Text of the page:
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Wireless ICT and Intelligent Transportation Systems: Current and Future Trends

This report is written for a wide audience of technical and managerial staff who are working on wireless ICT-related Intelligent Transportation Systems projects. The report aim is to present for such specialists advanced directions and trends in wireless ICT that can lead ITS into the 4G era.

The reports updates and revises Practel reports that were researching WICT-related ITS features; and were published between 2006 and 2010.

In particular, this report:

  • 1. Provides the analysis of ITS specifics.
  • 2. Analyzes technologies and markets for 5.9 GHz Short Reach Dedicated Communications (DSRC). 5.9 GHz DSRC was originally developed for the U.S. market; and currently it is at the beginning of commercialization. The report addresses this technology specifics and benefits - recently, EU also approved 5.9 GHz band for its DSRC systems. Currently, the major application for DSRC is electronic tolling; it is expected that the range of applications will grow significantly with maturing of the technology.
  • 3. Analyzes the specifics of CALM (Continuous Air-interface, Long and Medium Range) technology and its applications. This technology aims for creation of an “universal” platform for ITS services. Such a platform will be able to support multiple wireless standards.
  • 4. Concentrates on the standardization process for WICT in the ITS environment.
  • 5. Analyzes technologies and market for Long Term Evolution (LTE); the technology is being standardized and appreciated as the 4G era wireless technology. It opens a wide range of applications for ITS; currently, the auto industry R&D together with manufacturers are working on the concept of the LTE - equipped car. The technology allows creating of ITS infrastructural networking with high bit rate, QoS and other important features. Major service providers are offering LTE-based services.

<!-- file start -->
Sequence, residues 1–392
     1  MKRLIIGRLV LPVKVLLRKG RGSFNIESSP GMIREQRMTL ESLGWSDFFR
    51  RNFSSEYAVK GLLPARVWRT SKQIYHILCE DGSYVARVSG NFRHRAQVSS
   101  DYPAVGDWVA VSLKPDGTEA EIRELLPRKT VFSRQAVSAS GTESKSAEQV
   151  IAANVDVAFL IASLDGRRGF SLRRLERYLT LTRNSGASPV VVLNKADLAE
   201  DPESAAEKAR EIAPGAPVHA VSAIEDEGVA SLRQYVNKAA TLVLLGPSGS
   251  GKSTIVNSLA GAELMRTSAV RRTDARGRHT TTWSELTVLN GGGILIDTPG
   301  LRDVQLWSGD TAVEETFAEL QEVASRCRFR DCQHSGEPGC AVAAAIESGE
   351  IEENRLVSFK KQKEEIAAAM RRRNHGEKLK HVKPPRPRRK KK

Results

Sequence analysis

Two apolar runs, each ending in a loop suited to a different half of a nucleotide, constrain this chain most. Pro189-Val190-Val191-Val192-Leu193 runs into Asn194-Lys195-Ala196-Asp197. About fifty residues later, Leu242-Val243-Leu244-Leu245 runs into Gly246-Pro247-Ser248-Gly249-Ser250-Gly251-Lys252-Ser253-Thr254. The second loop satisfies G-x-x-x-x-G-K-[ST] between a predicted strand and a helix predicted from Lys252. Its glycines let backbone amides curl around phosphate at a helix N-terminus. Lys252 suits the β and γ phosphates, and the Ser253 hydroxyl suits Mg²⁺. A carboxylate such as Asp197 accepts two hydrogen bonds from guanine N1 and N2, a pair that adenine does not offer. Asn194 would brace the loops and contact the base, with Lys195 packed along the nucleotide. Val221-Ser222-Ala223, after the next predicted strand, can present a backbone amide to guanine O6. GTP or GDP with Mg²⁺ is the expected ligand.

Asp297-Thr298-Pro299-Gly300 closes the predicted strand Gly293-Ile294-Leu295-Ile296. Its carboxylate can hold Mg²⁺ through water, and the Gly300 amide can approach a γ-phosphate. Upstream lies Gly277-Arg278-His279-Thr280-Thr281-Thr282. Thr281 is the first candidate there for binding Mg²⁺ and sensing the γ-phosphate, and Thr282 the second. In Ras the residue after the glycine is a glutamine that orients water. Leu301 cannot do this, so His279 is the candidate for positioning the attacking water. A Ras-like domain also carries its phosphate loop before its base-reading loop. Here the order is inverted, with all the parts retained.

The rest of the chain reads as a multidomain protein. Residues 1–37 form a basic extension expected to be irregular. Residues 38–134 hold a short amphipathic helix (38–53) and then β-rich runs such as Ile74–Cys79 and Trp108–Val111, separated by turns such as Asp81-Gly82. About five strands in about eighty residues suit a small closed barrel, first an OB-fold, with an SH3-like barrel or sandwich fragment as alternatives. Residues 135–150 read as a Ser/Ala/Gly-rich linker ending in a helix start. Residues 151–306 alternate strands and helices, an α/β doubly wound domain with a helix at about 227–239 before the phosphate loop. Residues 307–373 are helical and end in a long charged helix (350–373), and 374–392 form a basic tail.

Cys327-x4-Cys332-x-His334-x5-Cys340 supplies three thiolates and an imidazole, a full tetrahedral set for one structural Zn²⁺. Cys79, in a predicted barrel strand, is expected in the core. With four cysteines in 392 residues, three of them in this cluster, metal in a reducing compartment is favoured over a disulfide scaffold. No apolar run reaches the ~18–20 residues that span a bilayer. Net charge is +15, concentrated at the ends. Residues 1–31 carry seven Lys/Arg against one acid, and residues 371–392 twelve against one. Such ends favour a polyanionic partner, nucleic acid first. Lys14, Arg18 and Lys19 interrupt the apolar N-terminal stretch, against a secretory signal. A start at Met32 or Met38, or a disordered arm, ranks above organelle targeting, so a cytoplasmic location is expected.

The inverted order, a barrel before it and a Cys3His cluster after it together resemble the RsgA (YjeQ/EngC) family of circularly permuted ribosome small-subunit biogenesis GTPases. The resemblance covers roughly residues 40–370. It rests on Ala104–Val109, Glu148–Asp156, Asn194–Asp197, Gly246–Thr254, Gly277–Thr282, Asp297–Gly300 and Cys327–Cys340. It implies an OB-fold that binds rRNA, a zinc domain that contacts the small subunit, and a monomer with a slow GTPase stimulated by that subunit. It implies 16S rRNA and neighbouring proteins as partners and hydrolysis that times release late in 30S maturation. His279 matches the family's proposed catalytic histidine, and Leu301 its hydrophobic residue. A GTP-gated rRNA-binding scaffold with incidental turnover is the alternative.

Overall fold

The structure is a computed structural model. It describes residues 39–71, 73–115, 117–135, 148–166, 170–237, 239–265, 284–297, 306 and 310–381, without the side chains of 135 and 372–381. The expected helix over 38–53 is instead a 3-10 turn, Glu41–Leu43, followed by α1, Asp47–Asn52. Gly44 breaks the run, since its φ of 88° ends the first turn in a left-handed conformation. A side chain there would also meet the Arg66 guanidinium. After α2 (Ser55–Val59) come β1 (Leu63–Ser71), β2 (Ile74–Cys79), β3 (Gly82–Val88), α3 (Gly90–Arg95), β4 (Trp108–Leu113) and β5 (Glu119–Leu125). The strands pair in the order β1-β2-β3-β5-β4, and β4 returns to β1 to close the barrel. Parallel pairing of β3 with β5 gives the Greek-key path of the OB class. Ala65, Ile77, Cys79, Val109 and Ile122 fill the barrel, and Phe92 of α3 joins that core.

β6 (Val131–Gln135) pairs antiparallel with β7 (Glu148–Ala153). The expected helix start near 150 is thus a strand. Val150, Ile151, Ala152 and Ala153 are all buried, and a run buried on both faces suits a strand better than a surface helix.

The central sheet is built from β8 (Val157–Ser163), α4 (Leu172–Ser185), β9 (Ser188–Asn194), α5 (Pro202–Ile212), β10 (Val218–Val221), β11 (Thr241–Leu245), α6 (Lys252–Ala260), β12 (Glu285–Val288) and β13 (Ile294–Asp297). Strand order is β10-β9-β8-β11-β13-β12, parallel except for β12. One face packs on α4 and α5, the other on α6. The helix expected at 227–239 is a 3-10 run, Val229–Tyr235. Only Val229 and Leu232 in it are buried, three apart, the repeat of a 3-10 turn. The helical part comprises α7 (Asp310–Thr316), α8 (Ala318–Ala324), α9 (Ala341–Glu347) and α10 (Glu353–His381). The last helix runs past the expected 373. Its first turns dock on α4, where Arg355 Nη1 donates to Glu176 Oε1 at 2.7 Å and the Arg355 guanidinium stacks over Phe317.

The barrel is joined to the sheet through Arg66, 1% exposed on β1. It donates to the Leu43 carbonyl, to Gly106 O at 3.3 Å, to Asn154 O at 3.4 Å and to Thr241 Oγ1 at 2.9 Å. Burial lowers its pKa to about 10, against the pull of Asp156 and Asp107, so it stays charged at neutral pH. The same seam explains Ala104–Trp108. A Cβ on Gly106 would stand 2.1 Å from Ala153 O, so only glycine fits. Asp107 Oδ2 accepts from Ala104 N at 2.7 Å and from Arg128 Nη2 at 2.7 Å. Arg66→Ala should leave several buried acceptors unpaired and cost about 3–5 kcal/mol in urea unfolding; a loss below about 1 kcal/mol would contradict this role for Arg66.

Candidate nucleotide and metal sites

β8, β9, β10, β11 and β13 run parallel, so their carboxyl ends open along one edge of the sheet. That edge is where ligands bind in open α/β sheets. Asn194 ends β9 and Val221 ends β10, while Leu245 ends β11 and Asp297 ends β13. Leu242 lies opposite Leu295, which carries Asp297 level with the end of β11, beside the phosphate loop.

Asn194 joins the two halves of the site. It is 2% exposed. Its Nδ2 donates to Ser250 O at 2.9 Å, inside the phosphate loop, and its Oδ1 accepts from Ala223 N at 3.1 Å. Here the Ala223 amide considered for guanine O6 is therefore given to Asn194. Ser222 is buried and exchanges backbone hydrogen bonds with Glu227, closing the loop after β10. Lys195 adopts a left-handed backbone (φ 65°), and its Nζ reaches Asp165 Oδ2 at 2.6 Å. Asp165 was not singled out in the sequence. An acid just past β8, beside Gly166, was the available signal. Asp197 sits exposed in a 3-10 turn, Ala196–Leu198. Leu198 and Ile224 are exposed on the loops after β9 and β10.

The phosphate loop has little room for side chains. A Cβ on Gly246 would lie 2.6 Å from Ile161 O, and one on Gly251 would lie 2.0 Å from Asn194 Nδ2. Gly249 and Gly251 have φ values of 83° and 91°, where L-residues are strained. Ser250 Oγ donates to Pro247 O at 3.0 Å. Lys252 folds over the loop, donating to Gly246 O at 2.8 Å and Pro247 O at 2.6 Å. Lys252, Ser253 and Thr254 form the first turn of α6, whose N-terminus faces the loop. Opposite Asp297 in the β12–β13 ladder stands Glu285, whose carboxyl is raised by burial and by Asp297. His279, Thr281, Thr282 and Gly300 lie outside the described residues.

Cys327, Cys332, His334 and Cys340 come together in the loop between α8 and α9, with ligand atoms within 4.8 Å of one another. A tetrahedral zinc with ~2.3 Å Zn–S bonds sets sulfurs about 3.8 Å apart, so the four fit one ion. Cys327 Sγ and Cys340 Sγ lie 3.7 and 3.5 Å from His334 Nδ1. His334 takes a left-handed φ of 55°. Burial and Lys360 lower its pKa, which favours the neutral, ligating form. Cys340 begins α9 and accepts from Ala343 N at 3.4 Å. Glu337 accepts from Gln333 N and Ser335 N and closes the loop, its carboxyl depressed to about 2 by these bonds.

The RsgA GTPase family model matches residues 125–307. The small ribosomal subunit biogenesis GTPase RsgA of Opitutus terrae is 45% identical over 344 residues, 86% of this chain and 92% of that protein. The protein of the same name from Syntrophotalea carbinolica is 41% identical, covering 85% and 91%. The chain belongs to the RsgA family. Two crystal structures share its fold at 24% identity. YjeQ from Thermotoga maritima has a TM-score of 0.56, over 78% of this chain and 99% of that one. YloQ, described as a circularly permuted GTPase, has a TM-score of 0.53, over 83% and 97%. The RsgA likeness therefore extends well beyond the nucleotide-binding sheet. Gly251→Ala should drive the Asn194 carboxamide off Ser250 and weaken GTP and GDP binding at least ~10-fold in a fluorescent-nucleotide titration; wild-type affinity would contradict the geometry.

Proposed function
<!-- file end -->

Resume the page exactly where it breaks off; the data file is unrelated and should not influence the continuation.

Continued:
• 6. Analyzes specifics of Wireless Sensors Networks (WSNs), their development and markets and how they apply to ITS. It is expected that in the near - future Smart Sensors will create a basis for establishing an intelligent source of information for processing in the ITS control centers. The report provides details of WSN features and benefits.

The report addresses latest and near-future trends in wireless ICT for ITS and how the 4G developments apply to them.

Table of Contents

1.0 Introduction

  • 1.1. Goal
  • 1.2. Scope
  • 1.3. Research Methodology
  • 1.4. Target Audience

2.0 Intelligent Transportation Systems

  • 2.1. General
  • 2.2. ITS History: U.S.
  • 2.3. ITS Architecture: U.S.
  • 2.4. Global ITS Development-Introduction
    • 2.4.1. Europe
    • 2.4.2. Japan
    • 2.4.3. Standardization
      • 2.4.3.1. National Transportation Communications for ITS Protocol (NTCIP)
  • 2.5. Technologies
  • 2.6. ITS Applications

3.0 5.9 GHz DSRC Basis

  • 3.1. General
  • 3.2. IEEE 802.11p
    • 3.2.1. General
    • 3.2.2. Objectives and Status
    • 3.2.3. Details
      • 3.2.3.1. ASTM Standard
  • 3.3. IEEE 1609
    • 3.3.1. General
    • 3.3.2. Overview
    • 3.3.3. IEEE 1609 in Use
  • 3.4. Summary

4.0 5.9 GHz DSRC Development

  • 4.1. General
  • 4.2. History
  • 4.3. Equipment
  • 4.4. Details: Dedicated Short Range Communications
  • 4.5. Channel Designation
  • 4.6. Place
  • 4.7. Applications
  • 4.8. Summary: DSRC (5.9 GHz) Transmission Characteristics (U.S.)
  • 4.9. DSRC at Work
    • 4.9.1. Service Categories
    • 4.9.2. Requirements: DSRC
  • 4.10. Regulation
    • 4.10.1. Licensing
  • 4.11. Comparison

5.0 DSRC Worldwide Standard Activity

  • 5.1. General
    • 5.1.1. Coordination
  • 5.2. Process

6.0 5.9 GHz DSRC Benefits and Limitations

  • 6.1. General
    • 6.1.2. Toll Industry Benefits
  • 6.2. Limitations

7.0 Market: 5.9 GHz DSRC

  • 7.1. Market Drivers
  • 7.2. Market Requirements
  • 7.3. Data
  • 7.4. Market Estimate

8.0 DSRC Equipment Vendors

  • Arinc
  • Kapsch
  • Mark IVHS (Acquired by Kapsch in 2010)
  • Oki
  • Q-Free
  • Raytheon
  • Savari
  • Sirit
  • TransCore
  • TechnoCom

9.0 CALM: Continuous Air-interface, Long and Medium Range

  • 9.1. Goals
    • 9.1.1. Vehicle- Infrastructure
  • 9.2. Specifics
  • 9.3. ISO TC 204 WG 16
    • 9.3.1. IPv6 and NEMO
  • 9.4. CALM: International Efforts
  • 9.5. CALM: Applications
  • 9.6. Major Features
  • 9.7. Issues

10.0 CEN and ITU

  • 10.1. General
  • 10.2. CEN and ITS
  • 10.3. ITU

11.0 ETSI

12.0 IETF

13.0 4G Technologies

  • 13.1. Wireless Revolution or Evolution?
    • 13.1.1. 4G as 3G Successor
  • 13.2. Requirements
  • 13.3. Typical Features
  • 13.4. Choice

14.0 Long Term Evolution (LTE): Technology and Market

  • 14.1. 3GPP and LTE
    • 14.1.1. LTE Timetable
    • 14.1.2. Broadband Wireless Communications-Phases
    • 14.1.3. LTE Standardization - Industry Collaboration
      • 14.1.3.1. Industry Initiative
  • 14.2. Key Features of LTE
    • 14.2.1. Details
      • 14.2.1.1. Evolved UMTS Radio Access Network (E-UTRAN)